The concept of deontology has long been discussed by various philosophers and scientists. At the moment, there are supporters of the theory, such as Emmanuel Kant and his followers, and there supporters of the Utilitarian theory, who argue its mere points. The paper seeks to discuss the main points of Kant’s deontological theory and his definition of a moral agent, and analyze cases in which it can be applied, in order to support the view that in order achieve ethical consensus, human moral values should be developed. So far, humans still ignore the moral autonomy to achieve something that is useful for particular people or society, but human lives should not be manipulated, as well as their body should not be used without their consent.
According to Kant, a moral agent is a being who has his moral autonomy to act in terms of his will and duties. At the center of Kant’s ethical system lies the statement that moral laws are categorical and not dependent on one’s desires. They are the rules that are created for all rational beings and cannot be changed and influenced by anyone. Therefore, moral acts that one accomplishes ought to be estimated not by their results and consequences, but rather by the principles on which the person relied while accomplishing them. Thus, the good can only be realized by the principle of good will, which has to be influenced by the perfect duty. The ideal point is to achieve unconditional good, which is only possible to realize in a rational being. Unconditional good, which heavily relies on moral, is nothing else than a conception of universal law.
In a broad sense, by the definition of moral agency as autonomy to live according to a universally moral system, Kant expressed an idea that every human is an autonomous being worth respect and dignity, and that he or she must never be manipulated or treated as useful for society. He also states that as all moral agents rationally will themselves to be an end and never a means, it is obligatory to treat them as such. One cannot but agree that Kant’s views of moral agency represent his particularly ideal view of natural beings. However, it is evident that the contemporary society is far from the ideal one nowadays. Morality is something that seems to extinct and humans, as well as animals, are often used as means, not ends. However, in any case, no one is has right to manipulate other people’s lives.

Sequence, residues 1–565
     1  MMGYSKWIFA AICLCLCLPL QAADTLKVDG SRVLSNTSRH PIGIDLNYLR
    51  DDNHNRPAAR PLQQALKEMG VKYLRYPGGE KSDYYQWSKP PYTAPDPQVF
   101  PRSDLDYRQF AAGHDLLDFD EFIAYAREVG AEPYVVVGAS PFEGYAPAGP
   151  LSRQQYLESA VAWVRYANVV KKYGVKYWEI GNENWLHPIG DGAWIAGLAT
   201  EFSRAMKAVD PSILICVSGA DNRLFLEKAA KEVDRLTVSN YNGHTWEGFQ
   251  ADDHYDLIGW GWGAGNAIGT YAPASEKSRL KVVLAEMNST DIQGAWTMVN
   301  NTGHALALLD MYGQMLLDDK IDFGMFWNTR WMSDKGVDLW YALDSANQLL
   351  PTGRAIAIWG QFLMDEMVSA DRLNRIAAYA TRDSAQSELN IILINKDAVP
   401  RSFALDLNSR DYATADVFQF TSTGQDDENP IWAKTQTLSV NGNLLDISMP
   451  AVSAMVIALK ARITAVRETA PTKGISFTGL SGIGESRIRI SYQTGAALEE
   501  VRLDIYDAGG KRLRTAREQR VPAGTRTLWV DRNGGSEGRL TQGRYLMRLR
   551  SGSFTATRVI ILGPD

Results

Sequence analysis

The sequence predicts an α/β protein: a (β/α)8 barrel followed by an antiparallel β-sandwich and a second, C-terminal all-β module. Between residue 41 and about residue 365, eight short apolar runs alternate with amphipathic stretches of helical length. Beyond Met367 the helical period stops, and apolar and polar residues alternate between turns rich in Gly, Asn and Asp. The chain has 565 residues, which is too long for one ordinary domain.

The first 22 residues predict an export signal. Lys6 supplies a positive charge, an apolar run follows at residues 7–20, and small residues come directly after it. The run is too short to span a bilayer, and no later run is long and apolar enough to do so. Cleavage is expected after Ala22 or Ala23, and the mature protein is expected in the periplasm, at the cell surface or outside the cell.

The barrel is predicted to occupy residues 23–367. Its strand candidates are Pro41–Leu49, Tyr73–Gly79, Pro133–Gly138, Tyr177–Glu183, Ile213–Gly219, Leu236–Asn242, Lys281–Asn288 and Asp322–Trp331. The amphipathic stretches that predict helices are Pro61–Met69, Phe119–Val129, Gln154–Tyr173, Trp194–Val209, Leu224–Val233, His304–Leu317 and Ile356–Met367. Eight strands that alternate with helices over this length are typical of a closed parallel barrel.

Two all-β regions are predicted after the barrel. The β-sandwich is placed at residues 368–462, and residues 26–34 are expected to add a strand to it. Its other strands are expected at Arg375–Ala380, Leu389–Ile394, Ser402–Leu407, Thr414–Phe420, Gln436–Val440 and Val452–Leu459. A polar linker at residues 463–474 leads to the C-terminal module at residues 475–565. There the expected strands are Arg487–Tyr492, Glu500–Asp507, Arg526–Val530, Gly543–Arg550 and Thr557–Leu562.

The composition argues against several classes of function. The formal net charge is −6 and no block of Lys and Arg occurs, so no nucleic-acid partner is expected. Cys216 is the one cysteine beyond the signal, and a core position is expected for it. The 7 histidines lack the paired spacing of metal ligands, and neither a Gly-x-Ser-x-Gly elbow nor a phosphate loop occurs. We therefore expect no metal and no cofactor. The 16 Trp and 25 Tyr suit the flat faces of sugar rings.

In a situation, where a person survived the HIV virus, Kant would say that the body of the person who survived the virus cannot be used for any further experiments and tests, and support the person in his refusal to take part in further research. Utilitarian, on the contrary, would say that the person who survived the virus is obliged to take part in the research, as its results could save millions of lives of other patients who have been infected with the same virus.
To better understand the ethical aspect of the situation, one should seek for a patient’s consent to do the research. Without his or her consent, Kant’s theory should be applied. Otherwise, this would be a violation of natural human rights. Therefore, the patient should be explained why the research is of particular importance, and how much it would help further investigations. However, in case of his refusal, it would be more ethically right to apply Kant’s theory.
To conclude, Kant’s view and formulation of deontology is that one should always consider the point of humanity in one’s actions. His main point is that the aim does not justify the means. One cannot use other person in order to achieve his or her own goal, even if this goal could save other people’s lives. Therefore, humans should be treated fully as autonomous and rational beings, according to their feelings and thoughts.